‘This Isn’t Just History’: Seminar Gives K-12 Teachers Tools to Teach Lessons of the Holocaust
Ahead of International Holocaust Remembrance Day on Thursday, 23 middle school and high school teachers and museum staff took part in an intensive, virtual two-day program on Holocaust education. In interviews with The Algemeiner, participants described the project as more relevant than ever — coming just as US Jewish communities were reeling from yet another antisemitic attack on a synagogue.
The Jewish Foundation for the Righteous’ (JFR) 2022 Advanced Seminar brought together educators from Alabama, Florida, New Jersey, Georgia, South Carolina, and Texas for graduate-level coursework on Jan. 15-16.
Kelly Sorrell of Pizitz Middle School in Birmingham, Alabama, said the JFR program helped set her on a “path of learning” — acquainting her with knowledge she wasn’t readily given during her upbringing in the Deep South.
“The Holocaust was not anything I had ever taught before, and I learned very little about it when I was in school,” Sorrell told The Algemeiner. “My first year of teaching the Holocaust, I was actually just as clueless as the children were, and found I needed to enrich my own education to guide their learning.”
“When I have the background knowledge, I can steer my students into finding the answers to their questions,” she added.
Sorrell said that every year, her students routinely have the same three questions: Why did Hitler hate the Jews? Why didn’t the Jews just leave? And why didn’t they fight back?
“The first year I taught the Holocaust, I didn’t really have answers to give them,” she said. “But now, I have a very strong base of knowledge of that and I continue to learn more and more as I attend more workshops and seminars.”
All participants were previously selected to participate in the JFR Summer Institute, and currently teach about the Holocaust in their respective roles as educators or museum staff. Supported by a grant from the Conference on Jewish Material Claims Against Germany, the seminar brought in lecturers from experts at Amherst College, Texas A&M University and the United States Holocaust Memorial Museum, among other institutions.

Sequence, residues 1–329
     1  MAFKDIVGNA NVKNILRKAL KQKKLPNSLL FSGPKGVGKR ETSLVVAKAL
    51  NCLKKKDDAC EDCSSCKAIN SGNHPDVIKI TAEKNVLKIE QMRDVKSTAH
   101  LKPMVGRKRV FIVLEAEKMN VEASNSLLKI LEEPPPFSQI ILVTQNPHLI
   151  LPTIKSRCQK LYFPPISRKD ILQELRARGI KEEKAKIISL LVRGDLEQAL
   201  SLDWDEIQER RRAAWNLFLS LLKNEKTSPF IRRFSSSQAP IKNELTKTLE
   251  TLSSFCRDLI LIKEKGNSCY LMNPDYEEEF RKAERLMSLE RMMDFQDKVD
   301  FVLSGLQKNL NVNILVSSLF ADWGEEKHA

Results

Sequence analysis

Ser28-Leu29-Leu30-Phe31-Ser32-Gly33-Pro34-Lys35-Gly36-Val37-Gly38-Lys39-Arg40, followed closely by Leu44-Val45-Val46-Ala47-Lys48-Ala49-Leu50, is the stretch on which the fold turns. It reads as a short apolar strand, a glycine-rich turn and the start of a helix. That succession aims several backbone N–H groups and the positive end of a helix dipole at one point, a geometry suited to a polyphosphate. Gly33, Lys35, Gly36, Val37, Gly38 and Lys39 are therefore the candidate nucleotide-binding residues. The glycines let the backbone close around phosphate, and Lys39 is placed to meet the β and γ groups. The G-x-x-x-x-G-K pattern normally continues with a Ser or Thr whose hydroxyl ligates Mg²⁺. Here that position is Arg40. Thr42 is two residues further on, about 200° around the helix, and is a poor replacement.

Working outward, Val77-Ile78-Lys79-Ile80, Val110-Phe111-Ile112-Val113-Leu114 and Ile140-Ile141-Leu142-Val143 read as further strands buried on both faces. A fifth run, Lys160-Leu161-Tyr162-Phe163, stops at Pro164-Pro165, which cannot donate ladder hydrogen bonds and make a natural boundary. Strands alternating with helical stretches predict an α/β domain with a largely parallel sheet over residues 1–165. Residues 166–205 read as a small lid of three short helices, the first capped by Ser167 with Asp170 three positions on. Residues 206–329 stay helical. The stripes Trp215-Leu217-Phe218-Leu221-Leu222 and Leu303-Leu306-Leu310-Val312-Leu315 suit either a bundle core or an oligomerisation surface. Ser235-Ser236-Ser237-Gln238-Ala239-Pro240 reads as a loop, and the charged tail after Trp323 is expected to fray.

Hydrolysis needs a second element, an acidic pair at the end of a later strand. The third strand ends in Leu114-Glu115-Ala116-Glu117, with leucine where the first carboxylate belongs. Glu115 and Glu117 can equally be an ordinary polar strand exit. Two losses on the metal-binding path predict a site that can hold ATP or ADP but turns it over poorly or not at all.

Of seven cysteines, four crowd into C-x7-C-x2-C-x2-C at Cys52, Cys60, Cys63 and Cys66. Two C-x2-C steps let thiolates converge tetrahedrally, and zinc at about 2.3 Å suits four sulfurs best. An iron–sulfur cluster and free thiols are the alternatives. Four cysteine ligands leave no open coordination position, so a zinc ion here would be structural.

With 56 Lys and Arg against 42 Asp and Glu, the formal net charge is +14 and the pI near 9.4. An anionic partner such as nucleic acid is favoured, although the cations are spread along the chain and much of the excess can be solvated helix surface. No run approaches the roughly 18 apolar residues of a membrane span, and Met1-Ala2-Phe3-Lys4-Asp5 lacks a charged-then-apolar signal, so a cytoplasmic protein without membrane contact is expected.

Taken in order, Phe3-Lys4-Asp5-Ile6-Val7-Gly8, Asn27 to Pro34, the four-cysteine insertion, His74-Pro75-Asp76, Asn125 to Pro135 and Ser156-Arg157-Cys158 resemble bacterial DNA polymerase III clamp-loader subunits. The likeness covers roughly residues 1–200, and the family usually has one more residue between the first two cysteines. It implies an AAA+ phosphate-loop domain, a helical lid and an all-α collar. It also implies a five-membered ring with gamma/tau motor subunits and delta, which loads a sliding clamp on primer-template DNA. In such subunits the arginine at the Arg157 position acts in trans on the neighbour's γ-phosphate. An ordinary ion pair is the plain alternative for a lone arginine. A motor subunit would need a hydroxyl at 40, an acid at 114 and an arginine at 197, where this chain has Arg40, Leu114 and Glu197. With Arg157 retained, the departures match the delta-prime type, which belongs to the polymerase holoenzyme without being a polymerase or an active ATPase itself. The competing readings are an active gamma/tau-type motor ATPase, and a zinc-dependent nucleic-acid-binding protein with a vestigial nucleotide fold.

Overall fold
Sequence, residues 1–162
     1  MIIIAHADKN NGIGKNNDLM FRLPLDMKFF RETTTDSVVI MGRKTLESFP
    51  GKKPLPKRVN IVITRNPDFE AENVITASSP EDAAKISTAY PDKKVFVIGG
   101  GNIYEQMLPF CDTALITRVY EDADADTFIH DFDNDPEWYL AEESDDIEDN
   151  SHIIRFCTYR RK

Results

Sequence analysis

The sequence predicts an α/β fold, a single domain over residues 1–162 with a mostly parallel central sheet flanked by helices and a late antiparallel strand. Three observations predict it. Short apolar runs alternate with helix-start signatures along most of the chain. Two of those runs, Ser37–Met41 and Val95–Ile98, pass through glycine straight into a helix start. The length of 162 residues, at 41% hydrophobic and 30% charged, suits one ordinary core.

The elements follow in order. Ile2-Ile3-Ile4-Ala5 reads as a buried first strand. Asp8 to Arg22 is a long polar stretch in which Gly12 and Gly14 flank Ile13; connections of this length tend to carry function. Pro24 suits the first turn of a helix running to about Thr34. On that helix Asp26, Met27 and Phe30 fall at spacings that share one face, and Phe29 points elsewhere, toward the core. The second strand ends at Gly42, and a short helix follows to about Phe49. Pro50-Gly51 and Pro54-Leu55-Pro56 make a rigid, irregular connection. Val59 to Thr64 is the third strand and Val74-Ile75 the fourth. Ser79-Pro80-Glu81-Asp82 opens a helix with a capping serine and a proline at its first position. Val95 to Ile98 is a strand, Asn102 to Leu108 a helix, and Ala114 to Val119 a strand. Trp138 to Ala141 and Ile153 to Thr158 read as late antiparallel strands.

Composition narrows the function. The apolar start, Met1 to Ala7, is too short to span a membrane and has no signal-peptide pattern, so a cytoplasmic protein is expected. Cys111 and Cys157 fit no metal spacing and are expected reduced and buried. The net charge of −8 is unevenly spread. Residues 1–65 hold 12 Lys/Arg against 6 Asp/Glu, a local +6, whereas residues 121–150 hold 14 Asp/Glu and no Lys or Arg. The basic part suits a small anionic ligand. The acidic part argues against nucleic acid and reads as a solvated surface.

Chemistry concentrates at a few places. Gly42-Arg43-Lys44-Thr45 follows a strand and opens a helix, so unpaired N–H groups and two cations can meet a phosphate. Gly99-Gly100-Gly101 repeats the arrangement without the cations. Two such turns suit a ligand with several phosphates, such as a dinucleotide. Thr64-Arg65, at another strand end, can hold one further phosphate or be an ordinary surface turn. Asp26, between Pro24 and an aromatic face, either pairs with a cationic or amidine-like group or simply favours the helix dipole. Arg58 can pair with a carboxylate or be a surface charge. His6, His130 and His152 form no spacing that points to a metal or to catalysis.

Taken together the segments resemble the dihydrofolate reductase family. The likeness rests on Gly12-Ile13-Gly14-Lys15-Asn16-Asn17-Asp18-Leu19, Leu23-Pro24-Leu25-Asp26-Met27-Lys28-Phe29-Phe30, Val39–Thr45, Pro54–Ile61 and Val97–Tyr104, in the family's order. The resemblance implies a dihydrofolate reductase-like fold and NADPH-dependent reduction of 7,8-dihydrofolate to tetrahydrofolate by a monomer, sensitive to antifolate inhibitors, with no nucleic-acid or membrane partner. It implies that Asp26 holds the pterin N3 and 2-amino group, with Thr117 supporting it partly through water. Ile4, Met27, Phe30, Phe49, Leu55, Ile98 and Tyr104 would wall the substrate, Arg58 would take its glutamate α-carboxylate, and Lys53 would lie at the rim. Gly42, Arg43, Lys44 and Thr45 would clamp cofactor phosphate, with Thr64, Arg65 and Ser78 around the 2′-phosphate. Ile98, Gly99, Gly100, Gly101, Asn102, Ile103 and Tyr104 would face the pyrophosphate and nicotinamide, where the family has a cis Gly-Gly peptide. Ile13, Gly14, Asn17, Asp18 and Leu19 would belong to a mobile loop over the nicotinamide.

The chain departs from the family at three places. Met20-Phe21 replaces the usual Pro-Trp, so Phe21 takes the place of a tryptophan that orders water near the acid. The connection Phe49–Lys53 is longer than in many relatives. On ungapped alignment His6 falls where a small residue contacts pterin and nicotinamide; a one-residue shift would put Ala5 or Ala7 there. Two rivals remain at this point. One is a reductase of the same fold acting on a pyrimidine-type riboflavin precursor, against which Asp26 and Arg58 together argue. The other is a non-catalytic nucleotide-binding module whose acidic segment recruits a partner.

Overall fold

Jill Tejeda of Livingston High School in New Jersey — a veteran of several JFR seminars and conferences who leads a one-year course for seniors on the Holocaust and genocide — said the program “enhances everything I do, gives me more material to use in my classes, and has made me grow.”
“My class had a whole conversation about the importance of this type of education,” she told The Algemeiner, recalling a recent lesson on the historian Edward B. Westermann’s work on the role of alcohol consumption in the Third Reich’s crimes.
“The kids want to know. They don’t want to be shielded from anything, and are saying that kids need to learn all of this stuff to know what is right and what is wrong,” she said. “I think that there’s a politically charged effort not to teach some of this material, but it’s a deadly mistake not to.”
Several of this year’s participants also noted that continuing instances of antisemitism, which saw an alarming rise in 2021, made the JFR coursework all too resonant in contemporary classrooms.
Judy Schancupp, a member of the Commission on the Holocaust in Sandy Springs, Georgia, told The Algemeiner that recent events near her hometown had demonstrated precisely why this kind of programming was important.
“We need to educate students about so it doesn’t happen again,” Schancupp said, referencing two separate discoveries last year of swastikas in Cobb County, Georgia high schools that stoked a national outcry.
A new program at the center brings in Holocaust scholars and other experts in the field to teach children and adults firsthand, Schancupp said. During a past JFR seminar, she took a tour of Auschwitz with several professors brought in by the program.
“I can’t overemphasize what it’s like to have professors who know what they’re talking about walk you through Auschwitz and take you to areas that no one goes to,” she said. “We visited a hospital in Auschwitz, where the commandant lived, and then we went to the mass graves, and there’s nothing there — but you have the professor there to tell us what we’re looking at.”
Participants in this year’s JFR program, which partly coincided with the recent hostage-taking at a Colleyville, Texas, synagogue, watched in dismay the latest antisemitic assault on a house of worship.
“That was not a very good weekend,” said participant Amy Frake, an associate director of education at the Holocaust Museum in Houston, Texas, who learned of the incident right after a lecture on modern day antisemitism.
She told The Algemeiner that the episode was especially difficult because a colleague’s daughter personally knows Charlie Cytron-Walker, the rabbi of Congregation Beth Israel who was taken hostage for over 10 hours along with three others.
And it was compounded when the FBI initially declared during the crisis that the attack was “not specifically related to the Jewish community,” but rather only focused on the imprisonment of a US federal inmate held nearby. The perpetrator, Malik Faisal Akram, was apparently convinced that a prominent New York rabbi could help secure the release of the convict.
“If you learned about antisemitism, it is very clear that this has everything to do with antisemitism and the very twisted way that people often see Jewish people,” Flake remarked. “I don’t know, maybe there needs to be a JFR for law enforcement too.”
“These kinds of incidents are another reason to recommit and remember why we do this,” Frake said. “The fact that this isn’t just history, is something that’s happening today, and doesn’t seem to have an endpoint is the reason that I do what I do everyday.”